We'll discuss all the different tables that are in the NSX Controller Cluster, but the NSX Controller Cluster's kind of the brains, the runtime state of NSX, and it's the main component in the control plane. Another component in the control plane is the Logical Router Control VM. Logical Router Control VM is sort of the side kick for the distributed logical router. It does all those things that a router does that aren't technically routing. Routing is moving packets from one broadcast domain to another.
So you might say, "What else does a router do, Bill? It's just that's all it does." No, routers negotiate routing protocols, they talk to other routers and find what networks are available. So all those things that a router does that aren't technically routing, the NSX Logical Router Control VM does, he's sort of the side kick for the distributed logical router. Also at the control plan is the User World Agent. This is a communication component that since it's sitting at the control plane, it's the communication component from the management plane to the data plane.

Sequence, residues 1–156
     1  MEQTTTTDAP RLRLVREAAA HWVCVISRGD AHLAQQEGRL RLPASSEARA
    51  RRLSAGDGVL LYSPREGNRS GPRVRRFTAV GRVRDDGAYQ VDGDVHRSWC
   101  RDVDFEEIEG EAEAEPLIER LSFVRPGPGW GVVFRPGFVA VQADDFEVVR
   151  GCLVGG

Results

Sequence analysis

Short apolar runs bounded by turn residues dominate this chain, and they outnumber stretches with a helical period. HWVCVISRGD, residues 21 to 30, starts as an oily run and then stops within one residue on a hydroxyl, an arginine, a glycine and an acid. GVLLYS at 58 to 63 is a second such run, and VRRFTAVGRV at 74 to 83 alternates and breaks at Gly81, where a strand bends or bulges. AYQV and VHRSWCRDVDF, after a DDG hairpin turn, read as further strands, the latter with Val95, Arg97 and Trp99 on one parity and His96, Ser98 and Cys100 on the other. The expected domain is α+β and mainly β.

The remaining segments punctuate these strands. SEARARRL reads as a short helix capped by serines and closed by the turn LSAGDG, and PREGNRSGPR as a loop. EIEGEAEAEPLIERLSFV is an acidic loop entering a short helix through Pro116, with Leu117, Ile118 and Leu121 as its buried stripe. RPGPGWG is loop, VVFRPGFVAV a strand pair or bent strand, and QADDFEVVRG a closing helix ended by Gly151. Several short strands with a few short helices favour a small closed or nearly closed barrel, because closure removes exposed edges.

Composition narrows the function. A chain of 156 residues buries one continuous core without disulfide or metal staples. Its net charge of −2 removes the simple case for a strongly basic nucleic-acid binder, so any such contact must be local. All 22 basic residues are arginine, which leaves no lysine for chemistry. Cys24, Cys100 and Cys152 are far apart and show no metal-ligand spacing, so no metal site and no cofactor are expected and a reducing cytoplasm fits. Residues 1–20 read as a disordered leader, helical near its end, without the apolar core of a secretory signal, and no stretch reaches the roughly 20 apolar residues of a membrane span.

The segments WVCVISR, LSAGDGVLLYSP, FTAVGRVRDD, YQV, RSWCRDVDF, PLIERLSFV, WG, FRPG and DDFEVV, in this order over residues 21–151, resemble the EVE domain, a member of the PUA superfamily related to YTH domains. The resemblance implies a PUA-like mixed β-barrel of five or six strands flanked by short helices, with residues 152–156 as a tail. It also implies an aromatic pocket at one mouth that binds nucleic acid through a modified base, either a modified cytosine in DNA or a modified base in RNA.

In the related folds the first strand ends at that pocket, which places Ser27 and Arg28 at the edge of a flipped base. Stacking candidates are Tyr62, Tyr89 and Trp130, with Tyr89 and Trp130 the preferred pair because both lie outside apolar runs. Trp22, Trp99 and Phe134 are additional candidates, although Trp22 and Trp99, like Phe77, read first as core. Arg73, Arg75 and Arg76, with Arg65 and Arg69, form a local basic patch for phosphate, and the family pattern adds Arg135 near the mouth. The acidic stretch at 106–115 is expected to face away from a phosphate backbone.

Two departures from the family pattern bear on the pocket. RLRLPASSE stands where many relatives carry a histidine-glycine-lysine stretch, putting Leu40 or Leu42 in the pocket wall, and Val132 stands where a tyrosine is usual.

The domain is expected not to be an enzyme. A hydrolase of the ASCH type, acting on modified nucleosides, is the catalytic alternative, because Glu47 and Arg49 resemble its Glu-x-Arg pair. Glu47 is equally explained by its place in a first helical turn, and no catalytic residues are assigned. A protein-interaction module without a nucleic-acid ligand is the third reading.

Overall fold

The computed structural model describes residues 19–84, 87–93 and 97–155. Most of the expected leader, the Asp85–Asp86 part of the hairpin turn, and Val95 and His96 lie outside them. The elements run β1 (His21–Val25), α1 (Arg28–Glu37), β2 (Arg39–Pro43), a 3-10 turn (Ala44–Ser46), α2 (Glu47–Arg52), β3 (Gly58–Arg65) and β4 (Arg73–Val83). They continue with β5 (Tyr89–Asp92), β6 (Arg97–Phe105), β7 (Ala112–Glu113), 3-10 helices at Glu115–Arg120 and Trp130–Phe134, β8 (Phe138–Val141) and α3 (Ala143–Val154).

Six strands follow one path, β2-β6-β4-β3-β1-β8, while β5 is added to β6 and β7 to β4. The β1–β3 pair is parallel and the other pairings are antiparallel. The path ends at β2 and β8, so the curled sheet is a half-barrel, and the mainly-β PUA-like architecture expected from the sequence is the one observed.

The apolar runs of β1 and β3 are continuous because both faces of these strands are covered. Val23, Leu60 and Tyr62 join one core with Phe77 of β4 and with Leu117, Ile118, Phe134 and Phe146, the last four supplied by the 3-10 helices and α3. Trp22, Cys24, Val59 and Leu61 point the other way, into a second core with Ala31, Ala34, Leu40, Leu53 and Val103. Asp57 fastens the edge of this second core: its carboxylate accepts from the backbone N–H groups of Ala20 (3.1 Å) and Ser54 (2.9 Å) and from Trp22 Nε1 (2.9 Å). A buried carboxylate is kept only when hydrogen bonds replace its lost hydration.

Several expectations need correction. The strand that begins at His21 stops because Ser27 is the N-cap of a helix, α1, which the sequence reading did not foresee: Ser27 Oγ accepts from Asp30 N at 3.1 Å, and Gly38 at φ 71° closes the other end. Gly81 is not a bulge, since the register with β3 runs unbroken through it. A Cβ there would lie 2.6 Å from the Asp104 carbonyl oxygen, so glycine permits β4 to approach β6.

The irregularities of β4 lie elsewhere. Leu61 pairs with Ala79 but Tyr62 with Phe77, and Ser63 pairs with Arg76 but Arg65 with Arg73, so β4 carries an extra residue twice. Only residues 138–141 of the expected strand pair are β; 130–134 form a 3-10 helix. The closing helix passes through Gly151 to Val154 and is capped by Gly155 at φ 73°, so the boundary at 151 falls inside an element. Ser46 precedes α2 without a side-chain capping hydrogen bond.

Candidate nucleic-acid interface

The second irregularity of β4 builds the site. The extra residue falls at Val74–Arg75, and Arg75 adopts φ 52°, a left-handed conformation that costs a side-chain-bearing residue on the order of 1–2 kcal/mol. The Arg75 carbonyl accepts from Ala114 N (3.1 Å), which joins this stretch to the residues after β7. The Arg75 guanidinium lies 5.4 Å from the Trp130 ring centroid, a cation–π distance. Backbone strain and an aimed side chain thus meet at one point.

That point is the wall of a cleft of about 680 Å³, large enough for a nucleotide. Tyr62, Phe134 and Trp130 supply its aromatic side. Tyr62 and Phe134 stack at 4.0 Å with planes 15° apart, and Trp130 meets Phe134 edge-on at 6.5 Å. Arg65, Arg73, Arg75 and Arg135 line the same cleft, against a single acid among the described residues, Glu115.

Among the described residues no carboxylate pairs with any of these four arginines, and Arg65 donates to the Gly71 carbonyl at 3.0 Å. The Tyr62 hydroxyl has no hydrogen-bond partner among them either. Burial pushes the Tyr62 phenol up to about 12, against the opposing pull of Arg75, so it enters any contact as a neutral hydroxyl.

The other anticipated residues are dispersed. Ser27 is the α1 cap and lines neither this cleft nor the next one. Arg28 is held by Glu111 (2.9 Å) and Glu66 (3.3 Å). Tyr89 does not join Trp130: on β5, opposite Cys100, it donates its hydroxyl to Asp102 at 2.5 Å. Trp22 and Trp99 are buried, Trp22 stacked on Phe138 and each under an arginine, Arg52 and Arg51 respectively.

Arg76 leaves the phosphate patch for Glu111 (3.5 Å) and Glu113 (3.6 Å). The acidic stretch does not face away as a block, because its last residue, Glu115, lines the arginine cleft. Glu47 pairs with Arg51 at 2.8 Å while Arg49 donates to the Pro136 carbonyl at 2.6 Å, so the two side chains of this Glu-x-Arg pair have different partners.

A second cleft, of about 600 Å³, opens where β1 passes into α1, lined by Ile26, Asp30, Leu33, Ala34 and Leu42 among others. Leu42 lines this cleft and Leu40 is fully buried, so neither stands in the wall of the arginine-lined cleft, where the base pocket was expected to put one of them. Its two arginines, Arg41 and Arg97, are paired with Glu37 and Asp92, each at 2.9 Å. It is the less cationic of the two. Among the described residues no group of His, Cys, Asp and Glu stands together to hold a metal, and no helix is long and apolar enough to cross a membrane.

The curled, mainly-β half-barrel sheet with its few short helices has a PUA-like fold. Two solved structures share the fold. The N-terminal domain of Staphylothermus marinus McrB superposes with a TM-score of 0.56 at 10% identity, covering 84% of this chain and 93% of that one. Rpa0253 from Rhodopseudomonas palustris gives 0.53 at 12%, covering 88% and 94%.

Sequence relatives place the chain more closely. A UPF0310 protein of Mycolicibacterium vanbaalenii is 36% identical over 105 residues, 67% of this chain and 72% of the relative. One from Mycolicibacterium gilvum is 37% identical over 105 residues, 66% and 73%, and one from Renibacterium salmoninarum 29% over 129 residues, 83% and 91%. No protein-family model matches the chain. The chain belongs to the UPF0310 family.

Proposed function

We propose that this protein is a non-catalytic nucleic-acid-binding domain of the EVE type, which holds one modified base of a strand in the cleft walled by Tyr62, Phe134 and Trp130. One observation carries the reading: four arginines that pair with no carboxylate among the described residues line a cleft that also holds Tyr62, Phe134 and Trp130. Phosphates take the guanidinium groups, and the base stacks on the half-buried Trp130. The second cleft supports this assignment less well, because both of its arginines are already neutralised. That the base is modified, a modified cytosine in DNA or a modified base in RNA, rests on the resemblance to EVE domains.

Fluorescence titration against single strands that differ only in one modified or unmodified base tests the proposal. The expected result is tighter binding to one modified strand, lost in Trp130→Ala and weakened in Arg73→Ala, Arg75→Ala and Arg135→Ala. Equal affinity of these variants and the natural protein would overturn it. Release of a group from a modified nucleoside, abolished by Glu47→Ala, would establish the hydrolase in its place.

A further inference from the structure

I'm sitting on my web client and it's connected to NSX Manager and the vCenter Server and I'm issuing commands and I'm building the environment or making a new logical switch, all that communication information that is coming from the management plane into the data plane, to change things in the data plane, is coming through the User World Agent. At the management plane there is a communication component called the Message Bus Agent, and that's the communication component at the management plane that connects to the User World Agent, which then provides for communication down to the data plane.
Also at the management plane, is the NSX Manager and the vCenter Server, these are always one to one. Now let's take a look at what these components actually look like in the software. You can open up this if you have your own system or if you want to use hol.vmware.com, you can open up the software and take a look at this as well. I just want to point out a couple of things. As we go further into this course, we'll look at these components in even greater detail, but right now I just want to point out a couple of things that we talked about.